I’ve mentioned before how I’m able to act as a canary in the email-database coal mine. …And how companies often don’t take my free, valuable chirps seriously. It happened again.
The unique email address I use to access iDrive started receiving spam in February 2018. It wasn’t just any spam; these sophisticated phishing emails were sent to an email address only iDrive had, and also contained my username/login.
When I contacted iDrive, they blew me off.
Then they blew me off again. More accurately, they gave me plenty of lip service, denial, and smoke far up my ass. (All the while admitting other people had contacted them regarding the phishing). This continued for several calls over several weeks. Until I posted publicly on twitter.
iDrive CEO Raghu Kulkarni promptly contacted me.
We talked about the difference between companies reacting appropriately to breaches:
twitter had just announced a big breach and contacted millions upon millions of users asking them to change their passwords
…and companies reacting poorly:
idrive trying to convince a whistle-blower there wasn’t a breach, despite hard evidence. (How does one prove a negative, anyhow?)
In exchange for deleting my tweet, Mr. Kulkarni agreed to set up a crisis communications plan. Within a week’s time, he promised to get all levels of iDrive customer support on board with an appropriate response, should a similar problem arise in the future.
More lip service
Weeks later a friend who signed up for iDrive because of my recommendation contacted them regarding the phishing attempt. He received the same brush-off I did.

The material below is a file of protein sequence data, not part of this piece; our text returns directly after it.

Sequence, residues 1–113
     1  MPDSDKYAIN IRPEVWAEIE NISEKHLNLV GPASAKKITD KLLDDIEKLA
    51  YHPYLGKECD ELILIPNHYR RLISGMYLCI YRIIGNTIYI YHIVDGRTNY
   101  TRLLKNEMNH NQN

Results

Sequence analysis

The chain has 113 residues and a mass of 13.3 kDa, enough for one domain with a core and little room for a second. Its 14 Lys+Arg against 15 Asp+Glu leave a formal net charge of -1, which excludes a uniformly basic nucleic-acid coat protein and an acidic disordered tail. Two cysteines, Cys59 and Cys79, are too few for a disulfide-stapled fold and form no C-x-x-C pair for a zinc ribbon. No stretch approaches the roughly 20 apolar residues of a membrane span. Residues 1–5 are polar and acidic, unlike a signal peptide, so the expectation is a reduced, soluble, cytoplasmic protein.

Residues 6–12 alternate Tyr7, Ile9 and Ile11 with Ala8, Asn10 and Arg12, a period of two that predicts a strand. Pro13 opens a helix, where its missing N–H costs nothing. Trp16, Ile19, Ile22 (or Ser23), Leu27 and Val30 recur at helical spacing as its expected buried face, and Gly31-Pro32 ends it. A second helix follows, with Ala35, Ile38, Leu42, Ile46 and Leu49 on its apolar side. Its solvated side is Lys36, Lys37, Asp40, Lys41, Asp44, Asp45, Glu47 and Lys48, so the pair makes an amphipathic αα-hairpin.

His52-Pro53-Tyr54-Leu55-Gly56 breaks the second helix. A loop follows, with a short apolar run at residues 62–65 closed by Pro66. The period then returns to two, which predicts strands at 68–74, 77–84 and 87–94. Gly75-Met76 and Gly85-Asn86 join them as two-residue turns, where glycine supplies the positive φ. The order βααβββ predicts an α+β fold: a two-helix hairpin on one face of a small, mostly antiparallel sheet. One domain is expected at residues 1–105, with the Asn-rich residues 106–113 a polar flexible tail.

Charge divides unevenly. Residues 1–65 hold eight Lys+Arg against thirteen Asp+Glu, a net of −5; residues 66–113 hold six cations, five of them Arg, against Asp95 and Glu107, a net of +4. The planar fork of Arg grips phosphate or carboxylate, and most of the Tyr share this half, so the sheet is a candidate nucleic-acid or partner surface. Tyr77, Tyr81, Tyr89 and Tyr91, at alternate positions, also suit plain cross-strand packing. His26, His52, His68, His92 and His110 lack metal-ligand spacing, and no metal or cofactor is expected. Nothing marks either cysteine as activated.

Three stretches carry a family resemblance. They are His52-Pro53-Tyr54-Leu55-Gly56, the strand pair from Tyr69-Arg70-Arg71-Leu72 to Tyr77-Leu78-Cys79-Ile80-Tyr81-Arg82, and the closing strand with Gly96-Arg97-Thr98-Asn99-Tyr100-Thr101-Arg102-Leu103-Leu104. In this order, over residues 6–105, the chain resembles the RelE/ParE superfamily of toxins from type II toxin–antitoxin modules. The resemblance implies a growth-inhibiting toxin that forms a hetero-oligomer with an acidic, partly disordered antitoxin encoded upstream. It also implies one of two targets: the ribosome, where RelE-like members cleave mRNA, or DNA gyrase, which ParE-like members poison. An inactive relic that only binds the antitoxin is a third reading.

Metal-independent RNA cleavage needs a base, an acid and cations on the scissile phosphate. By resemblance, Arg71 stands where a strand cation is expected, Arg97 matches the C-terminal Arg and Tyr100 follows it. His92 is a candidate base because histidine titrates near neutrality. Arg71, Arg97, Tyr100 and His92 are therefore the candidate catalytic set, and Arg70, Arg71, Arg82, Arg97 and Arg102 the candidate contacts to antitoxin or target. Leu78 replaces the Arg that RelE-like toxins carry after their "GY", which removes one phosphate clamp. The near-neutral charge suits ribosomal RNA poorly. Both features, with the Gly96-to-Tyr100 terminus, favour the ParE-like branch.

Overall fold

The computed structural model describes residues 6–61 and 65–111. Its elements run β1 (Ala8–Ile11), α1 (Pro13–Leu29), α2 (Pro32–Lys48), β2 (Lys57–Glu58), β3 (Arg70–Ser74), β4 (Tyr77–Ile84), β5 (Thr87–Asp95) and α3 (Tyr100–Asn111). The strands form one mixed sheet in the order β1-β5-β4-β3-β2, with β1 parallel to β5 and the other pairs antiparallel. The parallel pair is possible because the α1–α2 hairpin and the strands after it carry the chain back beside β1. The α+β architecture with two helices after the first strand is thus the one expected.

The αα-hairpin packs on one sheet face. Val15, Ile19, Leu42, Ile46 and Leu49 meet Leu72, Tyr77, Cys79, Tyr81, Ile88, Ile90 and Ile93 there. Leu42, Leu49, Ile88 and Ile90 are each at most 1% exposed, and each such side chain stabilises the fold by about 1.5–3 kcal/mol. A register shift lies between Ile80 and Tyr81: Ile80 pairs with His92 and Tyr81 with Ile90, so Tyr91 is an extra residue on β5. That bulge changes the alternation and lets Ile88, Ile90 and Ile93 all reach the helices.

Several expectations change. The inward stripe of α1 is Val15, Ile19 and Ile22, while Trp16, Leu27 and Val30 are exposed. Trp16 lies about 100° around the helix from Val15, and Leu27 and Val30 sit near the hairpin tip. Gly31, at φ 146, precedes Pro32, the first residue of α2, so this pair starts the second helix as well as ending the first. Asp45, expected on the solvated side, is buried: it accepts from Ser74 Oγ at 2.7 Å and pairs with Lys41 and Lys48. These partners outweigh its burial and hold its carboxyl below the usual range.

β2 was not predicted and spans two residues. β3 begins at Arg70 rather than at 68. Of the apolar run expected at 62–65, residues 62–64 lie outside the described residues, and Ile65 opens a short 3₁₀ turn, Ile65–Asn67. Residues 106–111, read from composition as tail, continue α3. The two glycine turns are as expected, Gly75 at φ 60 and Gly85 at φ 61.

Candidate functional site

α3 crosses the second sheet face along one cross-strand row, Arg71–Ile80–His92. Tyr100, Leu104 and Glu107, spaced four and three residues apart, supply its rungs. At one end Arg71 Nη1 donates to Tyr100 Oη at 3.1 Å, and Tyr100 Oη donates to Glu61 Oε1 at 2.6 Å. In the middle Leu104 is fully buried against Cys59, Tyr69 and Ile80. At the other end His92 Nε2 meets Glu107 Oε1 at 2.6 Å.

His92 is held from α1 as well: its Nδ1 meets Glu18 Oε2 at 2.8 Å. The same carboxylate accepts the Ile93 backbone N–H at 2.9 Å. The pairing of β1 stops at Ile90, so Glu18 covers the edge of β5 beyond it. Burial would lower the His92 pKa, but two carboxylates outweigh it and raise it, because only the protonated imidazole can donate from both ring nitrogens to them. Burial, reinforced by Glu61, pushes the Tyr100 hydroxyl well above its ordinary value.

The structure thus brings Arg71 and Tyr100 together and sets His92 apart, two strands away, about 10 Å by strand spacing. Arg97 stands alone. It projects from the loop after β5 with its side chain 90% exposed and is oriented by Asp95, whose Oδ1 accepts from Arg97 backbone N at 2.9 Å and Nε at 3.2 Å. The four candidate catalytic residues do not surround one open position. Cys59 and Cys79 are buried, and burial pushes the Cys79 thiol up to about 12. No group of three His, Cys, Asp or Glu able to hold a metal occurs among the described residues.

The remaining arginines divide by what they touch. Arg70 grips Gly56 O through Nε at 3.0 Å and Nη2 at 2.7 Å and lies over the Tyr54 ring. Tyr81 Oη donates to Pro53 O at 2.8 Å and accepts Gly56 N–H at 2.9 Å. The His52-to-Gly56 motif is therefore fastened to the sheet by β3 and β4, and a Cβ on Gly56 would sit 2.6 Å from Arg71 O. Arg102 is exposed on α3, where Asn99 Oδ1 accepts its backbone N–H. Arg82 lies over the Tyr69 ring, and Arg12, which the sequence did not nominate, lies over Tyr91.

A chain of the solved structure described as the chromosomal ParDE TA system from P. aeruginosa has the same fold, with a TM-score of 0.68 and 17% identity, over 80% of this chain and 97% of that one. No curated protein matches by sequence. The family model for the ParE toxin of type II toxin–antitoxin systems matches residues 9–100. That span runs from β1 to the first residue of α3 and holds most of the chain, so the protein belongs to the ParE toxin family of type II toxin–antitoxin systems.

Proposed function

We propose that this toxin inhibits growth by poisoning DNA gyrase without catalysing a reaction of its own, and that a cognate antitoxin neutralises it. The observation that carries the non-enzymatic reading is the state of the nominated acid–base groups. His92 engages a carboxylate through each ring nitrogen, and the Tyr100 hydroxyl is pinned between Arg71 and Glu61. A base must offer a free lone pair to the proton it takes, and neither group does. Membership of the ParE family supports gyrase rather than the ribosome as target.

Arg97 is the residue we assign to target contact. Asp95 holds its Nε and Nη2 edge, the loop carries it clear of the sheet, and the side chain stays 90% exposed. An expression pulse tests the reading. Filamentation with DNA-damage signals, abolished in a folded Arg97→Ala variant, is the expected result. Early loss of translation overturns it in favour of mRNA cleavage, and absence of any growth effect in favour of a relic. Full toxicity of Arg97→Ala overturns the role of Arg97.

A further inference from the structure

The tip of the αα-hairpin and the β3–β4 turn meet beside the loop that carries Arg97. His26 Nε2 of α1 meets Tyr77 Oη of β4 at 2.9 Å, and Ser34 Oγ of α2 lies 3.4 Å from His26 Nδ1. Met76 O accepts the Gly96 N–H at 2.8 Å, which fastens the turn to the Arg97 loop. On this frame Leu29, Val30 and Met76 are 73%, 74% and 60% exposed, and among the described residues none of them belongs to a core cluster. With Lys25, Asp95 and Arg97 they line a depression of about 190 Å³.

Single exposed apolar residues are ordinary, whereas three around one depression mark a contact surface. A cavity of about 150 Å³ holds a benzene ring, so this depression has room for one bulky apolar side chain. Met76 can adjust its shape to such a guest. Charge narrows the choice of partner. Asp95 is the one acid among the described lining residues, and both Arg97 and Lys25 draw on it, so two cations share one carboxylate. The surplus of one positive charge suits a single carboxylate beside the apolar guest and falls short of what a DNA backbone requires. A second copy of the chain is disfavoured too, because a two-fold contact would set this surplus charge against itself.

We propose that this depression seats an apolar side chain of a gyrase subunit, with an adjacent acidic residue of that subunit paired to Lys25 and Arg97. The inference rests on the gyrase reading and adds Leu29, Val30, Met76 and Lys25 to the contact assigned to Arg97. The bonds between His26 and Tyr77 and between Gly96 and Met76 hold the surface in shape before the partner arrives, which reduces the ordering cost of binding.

iDrive does not take data security seriously.
I only have evidence of a third party accessing email addresses and usernames. Did they also gain access to other allegedly secure bits? I don’t know. Probably not. All the more reason to just react appropriately, and send an email warning customers that somebody gained access to a subset of clients’ usernames and email addresses. …With a little note about how to avoid sophisticated phishing attempts. …Phishing they have hard evidence of. iDrive doesn’t want to do this, clearly.
How did this iDrive breach happen?
Maybe an employee had this info on their laptop or PC, which was then infected with malware. The malware shared the data.
Maybe a former or current employee sold the data to spammers or used it for personal gain?
Maybe it was a good old fashioned breach by some 1990s movie-style hackers.
I can tell you one thing for sure; as in many cases, nobody seems to know. I don’t know how it happened. iDrive won’t even admit there was a breach. What we do know is that iDrive would rather brush evidence of a minor breach under the rug than address it properly.
What would iDrive do after a more serious breach?
I don’t trust them with my data anymore. I’m looking for a new data backup provider. I’ve been with iDrive for years. I really wanted them to do the right thing so I could stay with them. Alas, I don’t trust them, now.
Screenshots of both phishing spams I received are included below. I can only assume the spam continued for others; I set my iDrive email address to return a server error upon message receipt, so I can’t tell you. Spam sucks. So do companies that don’t take security seriously.
Dan Dreifort consults on SEO, UX, and sometimes crawls out of the woodwork to opine on infosec, too, it would seem. His band Cat Shit’s new album (Make America Shit Again) hits in June 2018.